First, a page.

Is it possible for all sides to lose a war? That is a question the Syrian civil war may just answer. Over the last couple of days, stories that are dispiriting but also illuminating have been streaming out of reporting on the conflict. In President Obama’s much-talked about interview with the New Yorker’s David Remnick, the president says of his Syria policy: “I am haunted by what’s happened,” though he added: “I am not haunted by my decision not to engage in another Middle Eastern war.”
The phrase “engage in another Middle Eastern war” isn’t crystal clear. It could mean a full invasion and occupation. Or he could simply mean that virtually any noticeable involvement constitutes engagement. To the president, it seems to be a combination of both, as he continued:
It is very difficult to imagine a scenario in which our involvement in Syria would have led to a better outcome, short of us being willing to undertake an effort in size and scope similar to what we did in Iraq. And when I hear people suggesting that somehow if we had just financed and armed the opposition earlier, that somehow Assad would be gone by now and we’d have a peaceful transition, it’s magical thinking.
Such straw men are never far when Obama is speaking. Perhaps it’s “magical thinking” to say that if we financed the opposition earlier Assad would be gone and there would be peace. But the president’s critics aren’t saying that. They are saying we could have turned the tide against Assad; not that a cash infusion would wave a magic wand and make Assad disappear. But you can tell that this is how the president’s mind works, and it helps explain why his foreign policy is such a mess. Obama lacks patience and strategic thinking. He acts as though difficulty precludes victory. And that strategic weakness has been exploited.
A pair of stories in the UK Telegraph draw attention to the strategy gap. The paper reports that Bashar al-Assad accurately gauged the West’s (understandable) hesitation to do anything that could inadvertently empower Islamist terrorists in Syria:
The Syrian regime of President Bashar al-Assad has funded and co-operated with al-Qaeda in a complex double game even as the terrorists fight Damascus, according to new allegations by Western intelligence agencies, rebels and al-Qaeda defectors.
Jabhat al-Nusra, and the even more extreme Islamic State of Iraq and al-Shams (ISIS), the two al-Qaeda affiliates operating in Syria, have both been financed by selling oil and gas from wells under their control to and through the regime, intelligence sources have told The Daily Telegraph.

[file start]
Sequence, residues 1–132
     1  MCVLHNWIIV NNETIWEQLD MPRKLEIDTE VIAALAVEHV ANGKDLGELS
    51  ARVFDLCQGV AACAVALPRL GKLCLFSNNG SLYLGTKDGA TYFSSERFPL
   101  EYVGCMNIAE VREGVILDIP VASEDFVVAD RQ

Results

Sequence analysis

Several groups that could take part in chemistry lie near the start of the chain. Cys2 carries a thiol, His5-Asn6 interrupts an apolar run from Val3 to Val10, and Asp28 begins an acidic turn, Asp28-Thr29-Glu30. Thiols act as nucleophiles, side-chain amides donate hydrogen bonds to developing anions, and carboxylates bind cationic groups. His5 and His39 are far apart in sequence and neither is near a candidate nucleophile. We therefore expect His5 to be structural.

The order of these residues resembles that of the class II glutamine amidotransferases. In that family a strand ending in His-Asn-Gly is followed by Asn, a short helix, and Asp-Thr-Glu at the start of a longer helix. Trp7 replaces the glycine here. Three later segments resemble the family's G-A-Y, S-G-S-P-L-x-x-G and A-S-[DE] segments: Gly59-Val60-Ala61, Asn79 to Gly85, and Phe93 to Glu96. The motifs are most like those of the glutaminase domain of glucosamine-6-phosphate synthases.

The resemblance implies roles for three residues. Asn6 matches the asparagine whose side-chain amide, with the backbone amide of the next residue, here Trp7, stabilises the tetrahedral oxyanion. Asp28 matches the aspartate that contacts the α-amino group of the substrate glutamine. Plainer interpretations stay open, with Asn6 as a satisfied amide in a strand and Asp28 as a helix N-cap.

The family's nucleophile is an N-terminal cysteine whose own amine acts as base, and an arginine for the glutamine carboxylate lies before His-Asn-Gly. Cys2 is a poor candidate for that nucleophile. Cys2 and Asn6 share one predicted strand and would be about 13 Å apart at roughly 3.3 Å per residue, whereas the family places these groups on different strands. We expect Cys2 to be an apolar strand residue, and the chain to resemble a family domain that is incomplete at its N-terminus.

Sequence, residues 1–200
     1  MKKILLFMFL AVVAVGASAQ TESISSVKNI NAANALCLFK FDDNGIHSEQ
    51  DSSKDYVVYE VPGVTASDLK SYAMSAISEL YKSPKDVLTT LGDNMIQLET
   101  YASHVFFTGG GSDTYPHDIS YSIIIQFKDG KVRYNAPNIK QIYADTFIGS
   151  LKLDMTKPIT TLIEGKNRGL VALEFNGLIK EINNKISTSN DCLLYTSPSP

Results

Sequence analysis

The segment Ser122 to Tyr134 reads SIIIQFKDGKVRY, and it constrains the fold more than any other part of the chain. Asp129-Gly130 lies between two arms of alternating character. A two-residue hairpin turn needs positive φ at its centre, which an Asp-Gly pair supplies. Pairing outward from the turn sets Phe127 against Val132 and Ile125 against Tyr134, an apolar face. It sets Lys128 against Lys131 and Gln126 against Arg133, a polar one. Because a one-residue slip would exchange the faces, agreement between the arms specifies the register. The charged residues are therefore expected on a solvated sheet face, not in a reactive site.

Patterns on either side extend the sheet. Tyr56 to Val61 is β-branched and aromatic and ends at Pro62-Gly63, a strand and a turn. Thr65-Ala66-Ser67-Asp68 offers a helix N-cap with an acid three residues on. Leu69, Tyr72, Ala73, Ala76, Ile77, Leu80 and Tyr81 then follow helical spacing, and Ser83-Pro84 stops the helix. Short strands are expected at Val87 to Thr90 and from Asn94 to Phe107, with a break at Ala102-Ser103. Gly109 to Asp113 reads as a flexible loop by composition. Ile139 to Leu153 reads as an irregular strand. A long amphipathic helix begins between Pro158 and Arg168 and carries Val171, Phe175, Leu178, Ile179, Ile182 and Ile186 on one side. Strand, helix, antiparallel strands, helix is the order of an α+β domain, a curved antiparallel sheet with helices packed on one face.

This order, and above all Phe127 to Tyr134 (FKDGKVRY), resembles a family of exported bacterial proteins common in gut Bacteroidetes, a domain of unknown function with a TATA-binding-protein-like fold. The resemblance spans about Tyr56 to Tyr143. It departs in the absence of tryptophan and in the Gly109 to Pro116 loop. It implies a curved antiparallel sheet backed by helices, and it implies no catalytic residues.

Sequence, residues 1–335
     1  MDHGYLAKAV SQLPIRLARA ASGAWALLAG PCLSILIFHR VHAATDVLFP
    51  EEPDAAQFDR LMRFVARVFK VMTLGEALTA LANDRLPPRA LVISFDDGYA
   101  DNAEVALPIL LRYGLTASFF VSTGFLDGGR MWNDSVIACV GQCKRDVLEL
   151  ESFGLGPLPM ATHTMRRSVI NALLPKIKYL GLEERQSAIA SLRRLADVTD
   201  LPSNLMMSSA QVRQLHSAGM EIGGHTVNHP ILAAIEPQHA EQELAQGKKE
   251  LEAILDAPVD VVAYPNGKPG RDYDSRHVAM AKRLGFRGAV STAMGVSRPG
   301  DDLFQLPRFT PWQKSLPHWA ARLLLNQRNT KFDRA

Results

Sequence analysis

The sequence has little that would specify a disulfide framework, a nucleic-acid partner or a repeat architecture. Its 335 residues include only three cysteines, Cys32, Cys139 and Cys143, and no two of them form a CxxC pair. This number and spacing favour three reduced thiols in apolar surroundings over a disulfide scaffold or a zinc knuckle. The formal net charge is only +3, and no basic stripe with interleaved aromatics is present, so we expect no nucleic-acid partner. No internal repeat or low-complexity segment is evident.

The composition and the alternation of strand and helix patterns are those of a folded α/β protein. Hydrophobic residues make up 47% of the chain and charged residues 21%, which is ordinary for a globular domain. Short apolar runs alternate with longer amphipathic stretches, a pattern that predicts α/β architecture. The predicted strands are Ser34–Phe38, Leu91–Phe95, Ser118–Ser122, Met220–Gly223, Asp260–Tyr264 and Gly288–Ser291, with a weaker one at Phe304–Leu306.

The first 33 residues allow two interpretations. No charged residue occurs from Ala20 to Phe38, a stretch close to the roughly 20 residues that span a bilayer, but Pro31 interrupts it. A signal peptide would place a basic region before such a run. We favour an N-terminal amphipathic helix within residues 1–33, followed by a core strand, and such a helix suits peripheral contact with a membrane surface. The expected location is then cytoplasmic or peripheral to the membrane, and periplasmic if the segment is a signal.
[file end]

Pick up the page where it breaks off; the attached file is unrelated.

Rebels and defectors say the regime also deliberately released militant prisoners to strengthen jihadist ranks at the expense of moderate rebel forces. The aim was to persuade the West that the uprising was sponsored by Islamist militants including al-Qaeda as a way of stopping Western support for it.
The allegations by Western intelligence sources, who spoke on condition of anonymity, are in part a public response to demands by Assad that the focus of peace talks due to begin in Switzerland tomorrow be switched from replacing his government to co-operating against al-Qaeda in the “war on terrorism”.
If true—and a follow-up story lends credence to it—Assad has very skillfully played the West. But the headline of that follow-up story might give the West too much credit, failing to learn the lesson of its own revelations: “Syria’s duplicity over al-Qaeda means West will not trust Assad.” Syria’s duplicity means the West should not trust Assad. But Western leaders, in agreeing to the Russian chemical-weapons proposal to partner with Assad, may not have given themselves much of a choice at this point.
Which means ultimately they—the West—will lose by being made to look feckless in pronouncing that Assad must go and also having Islamist terror networks thrive in place of moderate rebels partially because of—not in spite of—the West’s decision to sit this one out. Assad will lose too, because terrorist groups will not willingly give up lucrative real estate in Syria, instigating a war of attrition against Assad. If Assad ultimately loses, so does Russia. The moderate rebels will lose for all the obvious reasons, including that they basically already have lost. Come to think of it, perhaps there will be a winner after all: thus far, everything’s coming up al-Qaeda.